Horticultural levy back on the agenda for R&D

Only a few short months after potato and horticultural crop growers voted to dispense with the services and the levy-gathering powers of the Agricultural and Horticultural Development Board, an industry row is brewing over the future funding of research in these areas.

Vegetable growers levy concerns
Vegetable growers levy concerns

Following reports of support for future compulsory levies in the two sectors, the group which originally campaigned to have the AHDB levies abolished has warned against what they termed attempts to “re-write the results and replace one statutory levy with another”.

And yesterday those advocating its abolition declared that statutory levy gathering had been clearly rejected by producers, with Lincolnshire potato and vegetable grower John Bratley stating that in two decisive votes, two-thirds of growers across both the horticulture and potato sectors had unambiguously rejected the idea of a statutory levy.

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Fellow campaigner, Spalding–based vegetable farmer Peter Thorold directly criticised plans floated recently by the Growers’ Better Levy Group (GBLG) - which represents 36 horticultural businesses – to support the continuation of a small levy to fund ‘critical work’:

“The GBLG represents just three per cent of those businesses which were eligible to vote on the continuation of a statutory levy,” said Thorold.

“They may well wish to jointly establish and fund their own non-statutory body for their own R&D -however, they must not be allowed to have their research needs subsidised by an industry wide statutory levy which growers have overwhelmingly rejected.”

He added that in funding their own R&D they would be able to claim substantial tax relief which was not available under a statutory scheme:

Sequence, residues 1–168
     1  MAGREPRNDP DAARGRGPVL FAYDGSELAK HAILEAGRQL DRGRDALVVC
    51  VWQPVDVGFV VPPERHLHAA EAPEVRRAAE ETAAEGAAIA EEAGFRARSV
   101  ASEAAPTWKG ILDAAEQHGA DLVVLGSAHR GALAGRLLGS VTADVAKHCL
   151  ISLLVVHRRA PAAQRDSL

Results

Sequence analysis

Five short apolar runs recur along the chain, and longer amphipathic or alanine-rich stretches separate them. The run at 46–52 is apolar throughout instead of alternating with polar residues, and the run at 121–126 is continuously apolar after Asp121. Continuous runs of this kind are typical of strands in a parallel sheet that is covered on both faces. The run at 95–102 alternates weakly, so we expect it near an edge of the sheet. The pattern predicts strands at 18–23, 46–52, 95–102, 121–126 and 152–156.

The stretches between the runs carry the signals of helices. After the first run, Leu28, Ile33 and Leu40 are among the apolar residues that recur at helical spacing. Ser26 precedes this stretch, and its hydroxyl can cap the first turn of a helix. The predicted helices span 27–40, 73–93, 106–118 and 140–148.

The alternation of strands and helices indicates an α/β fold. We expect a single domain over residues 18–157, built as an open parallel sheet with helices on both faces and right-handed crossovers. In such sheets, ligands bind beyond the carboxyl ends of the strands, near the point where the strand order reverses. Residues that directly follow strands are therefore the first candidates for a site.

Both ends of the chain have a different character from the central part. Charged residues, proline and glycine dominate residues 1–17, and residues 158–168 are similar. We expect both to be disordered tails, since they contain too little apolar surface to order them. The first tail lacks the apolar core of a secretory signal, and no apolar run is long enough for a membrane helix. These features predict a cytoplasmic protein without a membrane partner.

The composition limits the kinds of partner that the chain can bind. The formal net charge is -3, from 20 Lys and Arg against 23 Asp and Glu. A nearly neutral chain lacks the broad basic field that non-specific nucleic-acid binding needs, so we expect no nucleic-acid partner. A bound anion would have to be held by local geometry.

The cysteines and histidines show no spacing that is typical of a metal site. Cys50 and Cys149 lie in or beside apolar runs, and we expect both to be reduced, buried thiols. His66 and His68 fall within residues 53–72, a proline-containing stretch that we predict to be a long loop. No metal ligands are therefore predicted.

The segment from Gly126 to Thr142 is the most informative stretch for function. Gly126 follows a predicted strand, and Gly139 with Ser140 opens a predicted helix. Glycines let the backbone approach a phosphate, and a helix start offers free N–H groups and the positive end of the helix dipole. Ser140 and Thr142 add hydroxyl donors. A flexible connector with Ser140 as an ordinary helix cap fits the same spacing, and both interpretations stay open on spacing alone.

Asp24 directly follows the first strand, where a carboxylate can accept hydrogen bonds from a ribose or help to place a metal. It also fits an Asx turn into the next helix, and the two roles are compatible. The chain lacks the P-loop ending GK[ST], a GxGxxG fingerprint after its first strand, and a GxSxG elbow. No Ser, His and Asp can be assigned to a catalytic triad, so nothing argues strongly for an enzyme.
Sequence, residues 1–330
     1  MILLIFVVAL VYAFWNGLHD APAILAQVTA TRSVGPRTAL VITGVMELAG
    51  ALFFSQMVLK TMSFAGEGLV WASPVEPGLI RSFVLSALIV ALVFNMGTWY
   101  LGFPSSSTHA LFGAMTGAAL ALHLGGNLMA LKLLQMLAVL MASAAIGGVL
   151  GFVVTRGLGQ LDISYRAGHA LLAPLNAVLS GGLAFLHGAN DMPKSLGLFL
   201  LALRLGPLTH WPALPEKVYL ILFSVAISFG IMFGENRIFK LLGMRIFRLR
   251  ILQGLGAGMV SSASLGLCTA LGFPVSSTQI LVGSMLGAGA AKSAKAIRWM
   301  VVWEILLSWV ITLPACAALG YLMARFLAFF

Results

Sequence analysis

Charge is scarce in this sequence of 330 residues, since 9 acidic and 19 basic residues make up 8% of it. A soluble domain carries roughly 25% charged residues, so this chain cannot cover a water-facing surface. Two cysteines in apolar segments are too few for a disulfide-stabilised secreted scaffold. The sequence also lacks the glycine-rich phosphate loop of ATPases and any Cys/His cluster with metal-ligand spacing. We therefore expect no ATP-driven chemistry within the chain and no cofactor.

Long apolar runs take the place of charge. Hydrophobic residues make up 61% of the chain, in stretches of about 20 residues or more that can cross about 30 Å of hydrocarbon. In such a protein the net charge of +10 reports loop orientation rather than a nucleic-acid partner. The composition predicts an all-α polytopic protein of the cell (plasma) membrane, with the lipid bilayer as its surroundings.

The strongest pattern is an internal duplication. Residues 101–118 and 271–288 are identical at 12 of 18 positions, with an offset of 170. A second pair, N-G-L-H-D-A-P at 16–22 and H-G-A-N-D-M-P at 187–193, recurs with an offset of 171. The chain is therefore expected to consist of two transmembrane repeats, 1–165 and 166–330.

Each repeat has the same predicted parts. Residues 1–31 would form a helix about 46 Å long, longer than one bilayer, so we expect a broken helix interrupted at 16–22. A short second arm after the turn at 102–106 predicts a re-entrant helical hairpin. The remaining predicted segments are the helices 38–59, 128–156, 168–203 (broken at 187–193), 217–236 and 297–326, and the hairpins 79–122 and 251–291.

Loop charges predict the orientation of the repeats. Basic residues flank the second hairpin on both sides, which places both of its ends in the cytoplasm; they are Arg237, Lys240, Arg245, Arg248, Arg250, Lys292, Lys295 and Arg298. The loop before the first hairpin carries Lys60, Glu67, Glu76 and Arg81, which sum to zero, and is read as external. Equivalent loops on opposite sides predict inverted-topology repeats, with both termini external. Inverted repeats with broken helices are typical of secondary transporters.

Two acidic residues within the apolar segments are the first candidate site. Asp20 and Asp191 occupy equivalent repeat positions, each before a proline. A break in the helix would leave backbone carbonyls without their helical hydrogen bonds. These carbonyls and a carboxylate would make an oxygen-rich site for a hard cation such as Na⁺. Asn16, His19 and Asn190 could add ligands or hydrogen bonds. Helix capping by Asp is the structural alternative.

“… that in itself makes a bureaucratic statutory scheme a bad deal,” he added.

But in reply to the points raised, Phil Pearson, chair of the GBLG said it was his group’s contention that the majority of the industry would support paying a reduced levy for essential research to a Growers Research Agency which was properly under the control of the industry.

He said that his group was in the process of developing and sharing its ideas outside of GBLG membership - and had been finding widespread support for such a proposal to ensure that fundamental research benefiting all producers continued:

“The GBLG's position reflects a mainstream position that both accepts the need for collectively funded essential research and rejects paying a levy to a body which is not controlled by the industry,” said Pearson.

“It is vital that Defra now fully engage with the GBLG to ensure that appropriate provision is made to service our future research requirements.”

However campaigner against the levy, Bratley said that Defra Minister Victoria Prentiss had already given a strong hint of the direction of travel having recently stated that the result of the ballot must be respected:

“It is good to hear that Defra at least recognises the strength of feeling from the industry and understands that the votes were a clear rejection of a statutory levy, which is in effect an additional and unnecessary tax on horticultural businesses,” concluded Bratley.

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